Author: Gabriel Persechino-Forest Published: March 19th, 2018
And so we move on from Phase 3 to Phase 4, which is perhaps one of the most significant of them all. Even though the process of mainstreaming a medium usually sees this as phase 4, the fact remains that this phase has already partially begun. Perhaps this is due to anime having already been partially under attack for well over a decade now. In any event, lets move on with the article.
Phase 4: Corporate Manipulation
Image Source: Amazon Anime Strike Logo
While this phase has already begun, it is in an heavily subdued manner for now. But we can use what has already happened to know what to expect when they finally get serious. We can also look at the existing warning signs as well as precedents in other mediums to predict where we are heading. To clarify, this phase consists of the establishment using their corporations to monopolize the target market so they can eliminate competition and ultimately remodel the industry to their design.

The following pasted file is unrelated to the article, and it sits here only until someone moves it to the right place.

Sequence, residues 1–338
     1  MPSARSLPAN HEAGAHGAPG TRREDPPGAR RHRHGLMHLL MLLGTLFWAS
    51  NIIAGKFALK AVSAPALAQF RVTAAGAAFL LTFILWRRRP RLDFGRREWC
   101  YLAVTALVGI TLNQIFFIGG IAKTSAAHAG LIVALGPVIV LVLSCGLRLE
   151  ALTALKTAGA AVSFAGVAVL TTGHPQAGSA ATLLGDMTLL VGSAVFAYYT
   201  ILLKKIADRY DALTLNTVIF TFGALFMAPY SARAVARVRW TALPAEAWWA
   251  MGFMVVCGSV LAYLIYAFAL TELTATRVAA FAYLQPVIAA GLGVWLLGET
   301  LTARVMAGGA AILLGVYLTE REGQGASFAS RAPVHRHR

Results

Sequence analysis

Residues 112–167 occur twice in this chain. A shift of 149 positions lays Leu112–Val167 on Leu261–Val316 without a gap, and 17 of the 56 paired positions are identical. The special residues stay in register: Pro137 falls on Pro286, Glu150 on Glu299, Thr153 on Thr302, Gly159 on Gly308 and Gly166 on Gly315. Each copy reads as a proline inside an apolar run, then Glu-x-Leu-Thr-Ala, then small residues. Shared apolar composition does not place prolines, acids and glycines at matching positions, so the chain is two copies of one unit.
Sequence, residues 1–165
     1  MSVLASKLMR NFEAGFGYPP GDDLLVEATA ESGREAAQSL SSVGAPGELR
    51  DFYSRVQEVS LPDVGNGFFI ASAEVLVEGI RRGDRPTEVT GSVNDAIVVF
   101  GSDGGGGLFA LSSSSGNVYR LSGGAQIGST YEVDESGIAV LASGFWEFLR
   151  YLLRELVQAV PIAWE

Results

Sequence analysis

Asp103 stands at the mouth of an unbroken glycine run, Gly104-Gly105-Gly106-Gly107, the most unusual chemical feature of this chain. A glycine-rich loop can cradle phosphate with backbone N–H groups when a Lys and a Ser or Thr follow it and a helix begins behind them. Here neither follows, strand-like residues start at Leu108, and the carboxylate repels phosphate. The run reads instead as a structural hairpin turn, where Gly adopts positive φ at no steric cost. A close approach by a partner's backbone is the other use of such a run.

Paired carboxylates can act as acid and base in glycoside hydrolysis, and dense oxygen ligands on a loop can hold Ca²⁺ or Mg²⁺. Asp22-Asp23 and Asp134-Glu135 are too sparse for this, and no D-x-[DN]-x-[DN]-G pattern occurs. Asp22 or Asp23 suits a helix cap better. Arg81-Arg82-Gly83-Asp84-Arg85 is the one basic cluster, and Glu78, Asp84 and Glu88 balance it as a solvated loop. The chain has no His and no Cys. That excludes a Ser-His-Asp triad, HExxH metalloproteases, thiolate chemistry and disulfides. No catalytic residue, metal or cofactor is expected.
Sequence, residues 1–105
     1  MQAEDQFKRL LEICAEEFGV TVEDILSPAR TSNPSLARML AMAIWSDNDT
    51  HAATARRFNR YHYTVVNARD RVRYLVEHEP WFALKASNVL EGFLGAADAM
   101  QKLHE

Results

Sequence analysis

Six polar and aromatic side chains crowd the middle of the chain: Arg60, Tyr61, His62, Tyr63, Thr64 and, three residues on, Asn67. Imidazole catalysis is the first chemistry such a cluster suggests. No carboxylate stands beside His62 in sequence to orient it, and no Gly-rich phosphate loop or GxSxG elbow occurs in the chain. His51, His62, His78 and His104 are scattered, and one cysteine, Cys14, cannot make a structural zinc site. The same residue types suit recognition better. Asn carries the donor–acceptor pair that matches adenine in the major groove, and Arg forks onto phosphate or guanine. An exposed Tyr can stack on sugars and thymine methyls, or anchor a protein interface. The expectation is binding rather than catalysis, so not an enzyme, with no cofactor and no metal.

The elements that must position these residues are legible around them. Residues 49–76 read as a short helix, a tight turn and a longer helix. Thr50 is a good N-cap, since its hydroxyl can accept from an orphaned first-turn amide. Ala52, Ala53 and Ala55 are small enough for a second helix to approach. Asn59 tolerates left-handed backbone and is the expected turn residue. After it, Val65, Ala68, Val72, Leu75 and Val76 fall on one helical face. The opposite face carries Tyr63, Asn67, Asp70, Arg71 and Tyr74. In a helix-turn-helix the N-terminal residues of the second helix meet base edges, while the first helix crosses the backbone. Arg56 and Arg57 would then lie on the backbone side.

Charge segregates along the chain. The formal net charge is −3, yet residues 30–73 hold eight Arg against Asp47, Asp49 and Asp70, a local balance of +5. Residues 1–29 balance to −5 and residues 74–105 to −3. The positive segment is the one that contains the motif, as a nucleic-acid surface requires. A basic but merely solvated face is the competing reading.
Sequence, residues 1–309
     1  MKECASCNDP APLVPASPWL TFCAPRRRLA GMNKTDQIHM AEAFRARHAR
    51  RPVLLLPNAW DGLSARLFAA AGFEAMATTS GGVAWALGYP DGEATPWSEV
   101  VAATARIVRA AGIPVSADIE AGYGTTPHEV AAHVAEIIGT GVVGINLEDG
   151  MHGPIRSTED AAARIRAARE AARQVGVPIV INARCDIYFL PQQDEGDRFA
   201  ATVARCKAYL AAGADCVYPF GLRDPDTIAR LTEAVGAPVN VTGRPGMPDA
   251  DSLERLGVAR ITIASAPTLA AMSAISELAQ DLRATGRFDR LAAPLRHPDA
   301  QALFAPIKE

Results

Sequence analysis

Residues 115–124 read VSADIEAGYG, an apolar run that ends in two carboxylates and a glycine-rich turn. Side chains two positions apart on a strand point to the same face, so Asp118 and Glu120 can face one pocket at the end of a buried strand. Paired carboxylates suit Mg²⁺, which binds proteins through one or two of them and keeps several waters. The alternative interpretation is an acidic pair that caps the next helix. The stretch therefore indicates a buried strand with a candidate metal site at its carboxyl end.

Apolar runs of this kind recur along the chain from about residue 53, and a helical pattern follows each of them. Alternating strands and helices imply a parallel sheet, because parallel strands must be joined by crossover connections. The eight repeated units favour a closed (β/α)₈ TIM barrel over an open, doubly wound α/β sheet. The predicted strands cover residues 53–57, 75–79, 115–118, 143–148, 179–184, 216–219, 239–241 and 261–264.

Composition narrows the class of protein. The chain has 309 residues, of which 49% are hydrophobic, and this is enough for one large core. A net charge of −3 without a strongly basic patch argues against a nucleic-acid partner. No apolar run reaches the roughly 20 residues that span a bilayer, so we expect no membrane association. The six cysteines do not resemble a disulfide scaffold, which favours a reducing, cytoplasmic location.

For a long time now, American corporations, as well as those of other countries, have been doing business with Japan, including co-productions. This of course has never been an issue; it is normal for foreign investors to use the talents in Japan to help their own franchises and business and this sort of thing is pretty common in every industry. What is not common is what has been happening recently. Namely, our first real indicator that something is wrong, Amazon’s entry into the market which marked a drastic shift in how the West deals with Japan. They started by doing what every super corporation does: They tried to use their immense wealth to outbid any potential competitor, bought two whole animation blocks, offered a lesser service for a higher price, were tone deaf to the community they were supposed to serve… They essentially tried to create a monopoly so they can dictate the rules within the industry. We were fortunate that the anime community saw the threat posed by such a monopoly and acted quickly and collectively. Because of our efforts Amazon was forced to shelve their streaming platform within a single year. But Amazon still has many anime in its catalog and several investments in the Japanese industry and therefore we should not assume that they have abandoned their plans for the medium. Furthermore, there are other threats besides Amazon that we need to worry about.